- Rehabilitating water infrastructure to improve access to water for livestock
- Provision of emergency livestock assistance such as vaccination, supplementary feed and forage production.
- Rehabilitation of damaged veterinary clinics/animal health centres
As the drought goes on and the cost of interventions go up, who is asking if we as humanitariansare on the right path? Donors and organisations have an incentive to continue with their planned interventions which they have already but millions of dollars into, but there is a lack of in-depth and wide-perspective evaluation. This research hopes to explore this question at multiple levels of the intervention through qualitative, detailed interviews and/or focus group discussions; triangulated with quantitative survey data.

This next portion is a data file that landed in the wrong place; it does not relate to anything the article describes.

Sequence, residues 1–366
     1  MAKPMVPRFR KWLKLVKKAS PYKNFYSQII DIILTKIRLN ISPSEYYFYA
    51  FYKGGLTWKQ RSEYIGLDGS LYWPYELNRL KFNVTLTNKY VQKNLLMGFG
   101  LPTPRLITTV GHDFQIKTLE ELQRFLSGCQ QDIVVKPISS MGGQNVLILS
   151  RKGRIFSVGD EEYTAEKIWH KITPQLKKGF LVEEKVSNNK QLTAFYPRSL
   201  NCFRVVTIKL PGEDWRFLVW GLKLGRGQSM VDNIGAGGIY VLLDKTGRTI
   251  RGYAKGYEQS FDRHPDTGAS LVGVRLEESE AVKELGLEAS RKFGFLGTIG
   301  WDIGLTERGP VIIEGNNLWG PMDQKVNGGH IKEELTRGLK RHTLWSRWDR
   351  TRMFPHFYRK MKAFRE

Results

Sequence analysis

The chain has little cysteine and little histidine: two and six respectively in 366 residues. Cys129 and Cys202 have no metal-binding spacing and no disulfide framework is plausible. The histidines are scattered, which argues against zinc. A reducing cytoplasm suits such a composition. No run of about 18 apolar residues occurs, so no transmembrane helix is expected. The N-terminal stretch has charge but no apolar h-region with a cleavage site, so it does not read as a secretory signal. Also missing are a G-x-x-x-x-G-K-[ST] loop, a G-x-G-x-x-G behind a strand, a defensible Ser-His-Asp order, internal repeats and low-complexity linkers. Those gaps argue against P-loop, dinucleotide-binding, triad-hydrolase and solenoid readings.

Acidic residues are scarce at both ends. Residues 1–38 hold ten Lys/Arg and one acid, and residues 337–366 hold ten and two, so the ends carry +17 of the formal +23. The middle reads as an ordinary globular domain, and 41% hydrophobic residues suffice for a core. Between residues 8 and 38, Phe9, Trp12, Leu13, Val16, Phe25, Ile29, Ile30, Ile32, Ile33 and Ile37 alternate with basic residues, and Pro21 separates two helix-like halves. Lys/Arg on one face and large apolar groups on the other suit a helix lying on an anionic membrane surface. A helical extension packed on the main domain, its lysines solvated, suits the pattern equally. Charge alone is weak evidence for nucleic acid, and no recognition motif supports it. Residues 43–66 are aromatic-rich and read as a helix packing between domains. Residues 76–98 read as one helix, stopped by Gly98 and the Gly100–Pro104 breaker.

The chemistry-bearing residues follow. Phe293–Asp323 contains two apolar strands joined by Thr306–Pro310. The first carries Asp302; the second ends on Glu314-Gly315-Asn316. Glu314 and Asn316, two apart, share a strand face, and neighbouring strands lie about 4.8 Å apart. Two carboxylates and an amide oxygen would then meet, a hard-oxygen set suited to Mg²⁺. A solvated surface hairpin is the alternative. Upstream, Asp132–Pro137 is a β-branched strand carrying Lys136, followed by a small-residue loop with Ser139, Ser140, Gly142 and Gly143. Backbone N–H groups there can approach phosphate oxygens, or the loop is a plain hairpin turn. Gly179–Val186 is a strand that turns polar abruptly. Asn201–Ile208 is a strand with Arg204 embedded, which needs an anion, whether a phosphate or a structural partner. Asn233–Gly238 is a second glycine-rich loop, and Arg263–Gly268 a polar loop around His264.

Aims and objectives:
- To gain detailed, real reflections on the livestock-related humanitarian interventions used during the current and on-going drought in the Horn of Africa
- To identify commonalities and differences between the reflections of those involved at various levels of response (from the field, NGO’s, UN, government).
- To explore potential solutions which could improve live-stock related humanitarian interventions in the on-going and future droughts in the Horn of Africa, given the trends of climate change.
This research will be mixed methods, comprising of two parts:
1) Qualitative: Open-ended, semi-structured key informant interviews (or focus-group discussions depending on group). Suggested interviewee’s:
a. Community Animal Health Workers and/or Veterinarians in the field